With the retirement of Rob Gronkowski this offseason, many wondered how the New England Patriots would replace his production at the tight end position going into the 2019 season. No one player (or collection of players) can replace the best all-around tight end of all time. When Gronkowski missed time due to injury in his career, the multitude of replacements, including some big names in Scott Chandler, Martellus Bennett and Dwayne Allen, couldn’t hold a candle to the kind of dynamism that Gronk brought in the passing and running game.
The Patriots went into last week’s season opener against the Pittsburgh Steelers with only Ryan Izzo and Matt LaCosse active, with LaCosse really only being an extreme emergency option because he was nursing an ankle injury. So rather than try to replace Gronk, the Patriots played a multitude of snaps with no tight ends on the field at all.
Introducing 20 formation, a two-back zero-tight end formation, that aims to simply put the best five offensive skill players on the team on the field at once. According to the NFL’s NextGen Stats, the Patriots were in 20 formation for 23 plays last Sunday night. Sharp Football’s personnel grouping tracker has the Patriots running only 26 plays out of that formation from 2016-2018. Early in the game, the Pats emphasized 11 formation with Izzo at tight end but as the game went on they unveiled 20 formation.
Burkhead is out wide on the top of the screen drawing another defender out of the box. White is running an option route against #26 Mark Barron, who has inside leverage because he needs to protect the empty middle.— Tian (@tianrossidraft) September 13, 2019
White dips outside and it's an easy 1st down conversion. pic.twitter.com/1CDkFIczFk
James White is a proficient receiver for a running back and he takes advantage of this by running an option route versus man coverage. Mark Barron doesn't have a chance. This is the exact same play call the Patriots used against Wade Phillips’ man defense back in 2012, with Aaron Hernandez as the second “running back”.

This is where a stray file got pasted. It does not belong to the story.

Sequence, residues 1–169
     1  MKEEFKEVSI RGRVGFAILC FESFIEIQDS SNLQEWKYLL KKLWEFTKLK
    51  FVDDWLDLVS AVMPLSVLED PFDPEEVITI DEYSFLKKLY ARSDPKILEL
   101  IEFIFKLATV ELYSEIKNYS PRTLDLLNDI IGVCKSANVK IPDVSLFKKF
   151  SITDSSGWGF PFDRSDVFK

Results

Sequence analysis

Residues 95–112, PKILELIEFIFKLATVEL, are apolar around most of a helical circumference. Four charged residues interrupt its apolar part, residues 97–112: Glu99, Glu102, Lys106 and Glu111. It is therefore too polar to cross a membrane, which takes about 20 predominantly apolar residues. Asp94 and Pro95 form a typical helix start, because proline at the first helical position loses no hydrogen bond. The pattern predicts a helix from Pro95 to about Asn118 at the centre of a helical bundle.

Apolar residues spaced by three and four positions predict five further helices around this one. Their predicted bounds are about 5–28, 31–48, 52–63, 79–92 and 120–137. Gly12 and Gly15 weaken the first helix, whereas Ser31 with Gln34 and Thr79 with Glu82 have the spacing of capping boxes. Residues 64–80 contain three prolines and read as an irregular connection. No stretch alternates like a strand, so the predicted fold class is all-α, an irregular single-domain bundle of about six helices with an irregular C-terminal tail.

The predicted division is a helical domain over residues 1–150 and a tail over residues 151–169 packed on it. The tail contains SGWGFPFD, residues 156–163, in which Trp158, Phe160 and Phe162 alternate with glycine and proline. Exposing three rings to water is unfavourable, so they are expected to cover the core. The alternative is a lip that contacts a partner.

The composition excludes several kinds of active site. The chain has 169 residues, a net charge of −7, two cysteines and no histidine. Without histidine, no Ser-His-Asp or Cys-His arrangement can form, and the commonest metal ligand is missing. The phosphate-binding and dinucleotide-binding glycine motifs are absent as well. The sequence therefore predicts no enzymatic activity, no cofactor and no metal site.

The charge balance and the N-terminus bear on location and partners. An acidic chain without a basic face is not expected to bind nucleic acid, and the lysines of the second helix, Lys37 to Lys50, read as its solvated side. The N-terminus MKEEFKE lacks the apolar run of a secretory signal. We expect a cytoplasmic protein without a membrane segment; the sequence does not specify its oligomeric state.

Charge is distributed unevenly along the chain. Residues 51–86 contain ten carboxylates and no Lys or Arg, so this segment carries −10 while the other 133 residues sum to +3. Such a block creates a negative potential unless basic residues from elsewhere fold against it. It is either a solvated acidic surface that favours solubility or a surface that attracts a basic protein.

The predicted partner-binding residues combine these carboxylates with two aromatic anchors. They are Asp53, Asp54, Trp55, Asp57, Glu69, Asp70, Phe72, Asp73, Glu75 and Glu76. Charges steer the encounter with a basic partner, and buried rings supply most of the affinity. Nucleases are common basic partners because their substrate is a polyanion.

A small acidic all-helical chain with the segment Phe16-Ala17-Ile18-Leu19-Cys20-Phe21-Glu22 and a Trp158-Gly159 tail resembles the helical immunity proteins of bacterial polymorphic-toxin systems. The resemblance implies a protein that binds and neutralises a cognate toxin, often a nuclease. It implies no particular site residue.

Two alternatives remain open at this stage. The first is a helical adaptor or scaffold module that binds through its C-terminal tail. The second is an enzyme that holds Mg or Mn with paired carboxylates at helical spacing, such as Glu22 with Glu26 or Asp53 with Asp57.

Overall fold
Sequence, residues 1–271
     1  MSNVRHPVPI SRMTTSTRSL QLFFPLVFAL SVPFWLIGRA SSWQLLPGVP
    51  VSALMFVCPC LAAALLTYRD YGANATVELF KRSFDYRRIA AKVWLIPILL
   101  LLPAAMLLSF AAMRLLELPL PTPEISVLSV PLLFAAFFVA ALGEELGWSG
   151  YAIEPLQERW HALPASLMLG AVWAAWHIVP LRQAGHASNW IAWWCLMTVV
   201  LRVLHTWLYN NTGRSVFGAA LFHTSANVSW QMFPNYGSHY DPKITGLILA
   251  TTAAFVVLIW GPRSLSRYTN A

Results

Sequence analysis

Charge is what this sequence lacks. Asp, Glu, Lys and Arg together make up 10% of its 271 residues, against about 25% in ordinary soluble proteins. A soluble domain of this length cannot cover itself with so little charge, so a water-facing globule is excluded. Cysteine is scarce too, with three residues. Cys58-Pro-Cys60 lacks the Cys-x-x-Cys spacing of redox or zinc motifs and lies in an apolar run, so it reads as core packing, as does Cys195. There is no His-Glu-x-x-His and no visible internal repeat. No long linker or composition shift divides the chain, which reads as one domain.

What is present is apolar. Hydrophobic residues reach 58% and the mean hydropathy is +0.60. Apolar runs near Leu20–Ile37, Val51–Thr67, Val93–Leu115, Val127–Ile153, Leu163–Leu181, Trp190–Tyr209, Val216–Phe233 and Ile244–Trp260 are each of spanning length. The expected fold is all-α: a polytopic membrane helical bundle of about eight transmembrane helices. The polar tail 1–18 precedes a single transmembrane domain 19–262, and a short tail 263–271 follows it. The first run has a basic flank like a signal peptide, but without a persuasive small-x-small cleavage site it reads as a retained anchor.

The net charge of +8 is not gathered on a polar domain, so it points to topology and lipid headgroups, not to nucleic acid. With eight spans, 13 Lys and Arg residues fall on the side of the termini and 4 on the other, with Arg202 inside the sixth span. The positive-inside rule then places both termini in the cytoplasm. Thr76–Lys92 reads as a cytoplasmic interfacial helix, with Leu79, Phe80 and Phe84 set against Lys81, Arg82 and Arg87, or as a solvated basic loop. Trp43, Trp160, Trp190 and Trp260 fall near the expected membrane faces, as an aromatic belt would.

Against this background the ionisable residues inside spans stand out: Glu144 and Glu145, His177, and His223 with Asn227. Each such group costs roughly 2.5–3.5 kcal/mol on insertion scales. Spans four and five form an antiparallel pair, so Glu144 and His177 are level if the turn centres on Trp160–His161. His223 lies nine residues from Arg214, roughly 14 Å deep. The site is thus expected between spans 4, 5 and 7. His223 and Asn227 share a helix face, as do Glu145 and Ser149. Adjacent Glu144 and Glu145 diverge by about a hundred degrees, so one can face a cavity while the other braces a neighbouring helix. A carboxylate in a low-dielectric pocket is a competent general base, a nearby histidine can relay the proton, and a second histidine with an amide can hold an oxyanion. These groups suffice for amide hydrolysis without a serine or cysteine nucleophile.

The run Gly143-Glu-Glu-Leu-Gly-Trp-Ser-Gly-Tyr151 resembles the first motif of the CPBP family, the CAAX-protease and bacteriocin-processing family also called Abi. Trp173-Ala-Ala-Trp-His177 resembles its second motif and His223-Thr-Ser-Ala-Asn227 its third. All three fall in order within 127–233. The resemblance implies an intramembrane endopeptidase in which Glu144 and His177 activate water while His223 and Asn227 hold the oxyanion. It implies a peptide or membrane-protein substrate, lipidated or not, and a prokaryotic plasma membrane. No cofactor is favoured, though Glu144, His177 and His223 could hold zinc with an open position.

Shaq Mason had a rare off game Sunday night. Here he gets beat by Stephon Tuitt, forcing Brady to leave the pocket to the right and throw the ball away.— Tian (@tianrossidraft) September 13, 2019
If Brady had more time, White vs Barron on the left was about to be another mismatch and a possible walk in touchdown pic.twitter.com/IGPdjffZY4
I’m a big fan of this formation already, even though the end process on this play was a failed third down conversion in the red zone. The Patriots have featured a two back look on 3rd down in the past, with each running back chipping a defensive end. But without a tight end on the field, they can clear out an entire side of the field for a running back versus linebacker matchup in man coverage.
White gets a solid chip on Bud Dupree and gets wide open vs Barron again even with a solid (and legal) jam from him within five yards. He’s stumbling and still open by a good 2-3 yards. The magic of James White.